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‘Force of nature’ Vanessa German offers artist talk, workshop in Savannah

 

‘Force of nature’ Vanessa German offers artist talk, workshop in Savannah

21 Mar 2016

IF YOU GO

What: “State of the Art” lecture by Vanessa German

When: 6 p.m. March 31

Where: Jepson Center, 207 W. York St.

Cost: Free for members and $12 for non-members

Info: www.telfair.org

 

Vanessa German is one of the truly exceptional artists featured in the current exhibition on view at Telfair’s Jepson Center, “State of the Art: Discovering American Art Now.” The project by Crystal Bridges Museum in Bentonville, Ark., was curated over a year of studio visits to nearly 1,000 different artists across the country.

German will be conducting a workshop with area youth and giving a one-of-a-kind artist talk at the end of the month that should surely not be missed.

Raised in Los Angeles, German now lives and works in Pittsburgh. She’s an inspiringly strong, fierce, proud, black, gay woman, who is also a sculptor, poet, performer, advocate and activist. She has an exceedingly generous and gregarious personality (the term “force of nature” gets thrown around a lot) and creates her art with great power and conviction. All of German’s work emanates straight from her soul and she’s certain that she comes from a long lineage of creators who, she says, “work within the clarity of the spirit and the clarity of the hand.”

The two representations of German’s work in “State of the Art” are what she refers to as “power figures,” evocative mixed media assemblages that have echoes of Central African nkondi statues used to ward off evil and America’s complicated history of racial imagery and “tar baby” iconography. They are not mere objects — they’re living, breathing entities. And though they can sometimes be seen as provocative, their primary role is protection.

German is very intentional in everything she does and with every piece she creates. Her work deals with themes of self-worth and the simple but profoundly important idea that every life has meaning. Her house in Homewood, a Pittsburgh neighborhood, has become a magnet for local kids and her front porch serves as a sort of creative safe space where kids can make beautiful and empowering pieces of art themselves.

“Our systems are wired so that when we have freedom of body and freedom of breath and freedom of mind and freedom of imagination, we’re healthier and our communities are healthier,” says German. “Science is also telling us beautiful things about the power of investing in creative time. It’s literally good for your body.”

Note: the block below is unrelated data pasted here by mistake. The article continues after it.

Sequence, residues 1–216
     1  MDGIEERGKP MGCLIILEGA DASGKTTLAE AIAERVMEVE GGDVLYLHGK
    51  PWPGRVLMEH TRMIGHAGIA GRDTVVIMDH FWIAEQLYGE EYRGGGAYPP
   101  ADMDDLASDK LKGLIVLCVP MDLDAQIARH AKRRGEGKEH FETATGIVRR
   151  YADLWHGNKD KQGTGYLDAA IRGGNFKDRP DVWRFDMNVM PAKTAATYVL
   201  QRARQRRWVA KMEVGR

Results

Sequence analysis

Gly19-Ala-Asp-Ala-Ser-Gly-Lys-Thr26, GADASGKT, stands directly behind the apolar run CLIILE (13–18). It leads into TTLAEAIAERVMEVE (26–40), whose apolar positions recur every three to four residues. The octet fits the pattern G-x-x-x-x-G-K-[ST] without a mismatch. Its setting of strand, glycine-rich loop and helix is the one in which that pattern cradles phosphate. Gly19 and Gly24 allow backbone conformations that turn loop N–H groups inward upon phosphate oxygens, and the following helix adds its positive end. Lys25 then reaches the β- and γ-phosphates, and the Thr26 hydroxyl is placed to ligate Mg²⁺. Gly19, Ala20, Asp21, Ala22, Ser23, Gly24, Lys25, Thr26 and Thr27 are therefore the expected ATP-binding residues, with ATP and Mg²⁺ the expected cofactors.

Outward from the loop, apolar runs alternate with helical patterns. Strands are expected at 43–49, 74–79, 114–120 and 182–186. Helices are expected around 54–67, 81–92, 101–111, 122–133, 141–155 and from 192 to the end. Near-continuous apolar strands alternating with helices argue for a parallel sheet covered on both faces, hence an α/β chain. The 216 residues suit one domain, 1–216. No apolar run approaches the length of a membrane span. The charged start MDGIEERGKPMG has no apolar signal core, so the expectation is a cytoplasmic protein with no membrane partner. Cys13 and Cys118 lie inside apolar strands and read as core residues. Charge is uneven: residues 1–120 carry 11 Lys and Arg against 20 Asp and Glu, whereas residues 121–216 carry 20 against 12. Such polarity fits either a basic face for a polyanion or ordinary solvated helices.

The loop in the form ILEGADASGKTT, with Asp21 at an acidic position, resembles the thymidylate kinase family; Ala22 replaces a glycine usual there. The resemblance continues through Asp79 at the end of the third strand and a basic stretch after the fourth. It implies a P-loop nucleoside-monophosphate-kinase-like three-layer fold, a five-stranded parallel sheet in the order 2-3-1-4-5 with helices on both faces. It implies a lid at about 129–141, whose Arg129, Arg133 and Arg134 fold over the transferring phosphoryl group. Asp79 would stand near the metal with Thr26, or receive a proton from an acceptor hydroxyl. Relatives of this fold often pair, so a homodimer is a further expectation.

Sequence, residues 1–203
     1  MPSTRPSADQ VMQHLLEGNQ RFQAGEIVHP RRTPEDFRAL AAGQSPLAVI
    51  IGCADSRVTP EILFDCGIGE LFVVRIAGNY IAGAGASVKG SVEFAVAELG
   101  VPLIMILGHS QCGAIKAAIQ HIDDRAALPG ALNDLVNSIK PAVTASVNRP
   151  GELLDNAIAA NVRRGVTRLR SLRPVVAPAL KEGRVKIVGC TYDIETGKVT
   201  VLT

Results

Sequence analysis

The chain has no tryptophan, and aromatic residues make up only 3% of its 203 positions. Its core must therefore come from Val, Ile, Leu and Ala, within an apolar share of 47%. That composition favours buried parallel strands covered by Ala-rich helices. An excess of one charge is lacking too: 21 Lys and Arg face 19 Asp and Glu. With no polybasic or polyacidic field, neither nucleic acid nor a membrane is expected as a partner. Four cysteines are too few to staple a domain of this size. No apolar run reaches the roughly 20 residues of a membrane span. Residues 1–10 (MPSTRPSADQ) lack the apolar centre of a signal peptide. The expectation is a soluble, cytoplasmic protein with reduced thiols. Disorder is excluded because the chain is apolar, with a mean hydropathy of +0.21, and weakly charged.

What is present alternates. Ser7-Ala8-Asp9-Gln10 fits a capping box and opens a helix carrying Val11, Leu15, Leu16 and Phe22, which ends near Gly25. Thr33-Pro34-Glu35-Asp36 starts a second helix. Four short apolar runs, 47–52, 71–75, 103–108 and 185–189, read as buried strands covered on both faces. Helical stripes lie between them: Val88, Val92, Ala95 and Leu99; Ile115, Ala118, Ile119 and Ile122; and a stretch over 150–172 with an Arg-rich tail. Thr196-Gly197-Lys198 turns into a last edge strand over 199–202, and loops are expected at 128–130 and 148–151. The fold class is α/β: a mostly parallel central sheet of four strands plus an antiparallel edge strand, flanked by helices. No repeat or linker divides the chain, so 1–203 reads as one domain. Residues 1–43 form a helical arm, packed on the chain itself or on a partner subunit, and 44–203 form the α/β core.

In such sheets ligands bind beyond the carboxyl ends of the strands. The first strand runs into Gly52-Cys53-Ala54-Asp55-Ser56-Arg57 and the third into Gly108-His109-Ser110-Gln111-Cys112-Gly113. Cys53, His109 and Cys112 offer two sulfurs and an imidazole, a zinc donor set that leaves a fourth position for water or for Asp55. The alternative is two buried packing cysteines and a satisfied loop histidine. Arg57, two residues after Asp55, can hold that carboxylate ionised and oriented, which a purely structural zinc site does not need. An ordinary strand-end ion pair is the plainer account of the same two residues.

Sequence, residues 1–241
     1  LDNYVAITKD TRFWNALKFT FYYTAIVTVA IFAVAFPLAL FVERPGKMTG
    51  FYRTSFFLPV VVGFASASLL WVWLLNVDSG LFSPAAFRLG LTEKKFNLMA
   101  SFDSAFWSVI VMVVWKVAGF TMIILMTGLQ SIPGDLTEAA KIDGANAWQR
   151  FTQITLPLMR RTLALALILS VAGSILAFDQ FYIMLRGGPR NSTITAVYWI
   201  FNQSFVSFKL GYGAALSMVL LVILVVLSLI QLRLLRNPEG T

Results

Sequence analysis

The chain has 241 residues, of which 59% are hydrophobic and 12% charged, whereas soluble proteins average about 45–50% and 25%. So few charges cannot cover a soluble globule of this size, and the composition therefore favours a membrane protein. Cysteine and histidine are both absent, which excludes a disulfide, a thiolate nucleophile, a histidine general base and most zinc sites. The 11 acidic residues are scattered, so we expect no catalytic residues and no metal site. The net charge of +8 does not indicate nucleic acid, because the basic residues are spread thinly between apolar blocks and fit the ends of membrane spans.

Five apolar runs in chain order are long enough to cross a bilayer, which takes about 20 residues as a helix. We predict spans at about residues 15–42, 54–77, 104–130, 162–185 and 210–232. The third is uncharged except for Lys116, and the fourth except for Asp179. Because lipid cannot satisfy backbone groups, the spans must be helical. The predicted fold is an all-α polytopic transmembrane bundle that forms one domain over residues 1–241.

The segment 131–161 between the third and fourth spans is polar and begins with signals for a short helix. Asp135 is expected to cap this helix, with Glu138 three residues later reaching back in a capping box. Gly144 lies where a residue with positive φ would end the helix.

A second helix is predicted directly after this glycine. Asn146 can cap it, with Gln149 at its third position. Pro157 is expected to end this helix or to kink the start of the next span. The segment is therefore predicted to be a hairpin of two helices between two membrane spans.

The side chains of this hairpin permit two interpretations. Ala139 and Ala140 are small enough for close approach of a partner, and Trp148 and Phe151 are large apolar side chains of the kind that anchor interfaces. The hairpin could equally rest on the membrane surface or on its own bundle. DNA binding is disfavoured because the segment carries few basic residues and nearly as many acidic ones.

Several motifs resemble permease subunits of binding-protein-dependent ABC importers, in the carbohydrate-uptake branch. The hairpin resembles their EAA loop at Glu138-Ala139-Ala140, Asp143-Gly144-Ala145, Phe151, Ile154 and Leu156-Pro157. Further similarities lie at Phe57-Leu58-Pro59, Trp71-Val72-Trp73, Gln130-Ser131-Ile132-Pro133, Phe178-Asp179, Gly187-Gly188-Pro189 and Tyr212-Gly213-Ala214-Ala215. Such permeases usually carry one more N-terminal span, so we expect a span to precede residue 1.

While in Savannah, German will be working with local youths aged 6-12 in partnership with Loop It Up Savannah. They will each make their own small, “workshop scale” power figure.

“I love the opportunity to do this workshop, particularly because I think it’s a wonderful glimpse into the world of creativity and imagination. You have a smorgasbord of materials in front of you and you’re thinking purposefully, but also with great freedom ...

“Each young person gets to access that really fun place of imagination and curiosity ... It’s intense and it’s fun and we always end up having this amazing comradery between the people who do the workshop together. It’s great.”

At 6 p.m. March 31, German will give her unique brand of artist talk, which will incorporate a spoken word performance and a sort of conversational version of a lecture.

“The word ‘lecture’ is really strong and has pretty hard edges for what happens, because I talk about and will show images of the cycle of living that I have through art, which considers where I live, my neighborhood, the objects that I create, the purpose for those objects and how they’re all intentionally connected by love and by the idea that human beings are more connected to each other than disconnected, and more powerful in ways we don’t always affirm.”

She says she’ll also allow questions throughout the talk rather than waiting until the end.

“It’s something that’s more alive for me as the presenter to have substantial back and forth between the viewer and me, because I think the truth is that we bring so much wisdom into a space when our voices are shared together. I feel like we leave that space more enriched and with broader minds when we’ve heard the voices and heard the questions from people with so many different stories and so many different perspectives inside of them.”

German is known for her inspiring presentations. As one eyewitness noted, she nearly upstaged Bill Clinton at a recent event with her emotionally charged introduction.

“I hope people come,” she says with a laugh. “Sometimes people are excited about the idea of an artist talk, but then they don’t come ... I’m really looking forward to meeting the people in Savannah.”

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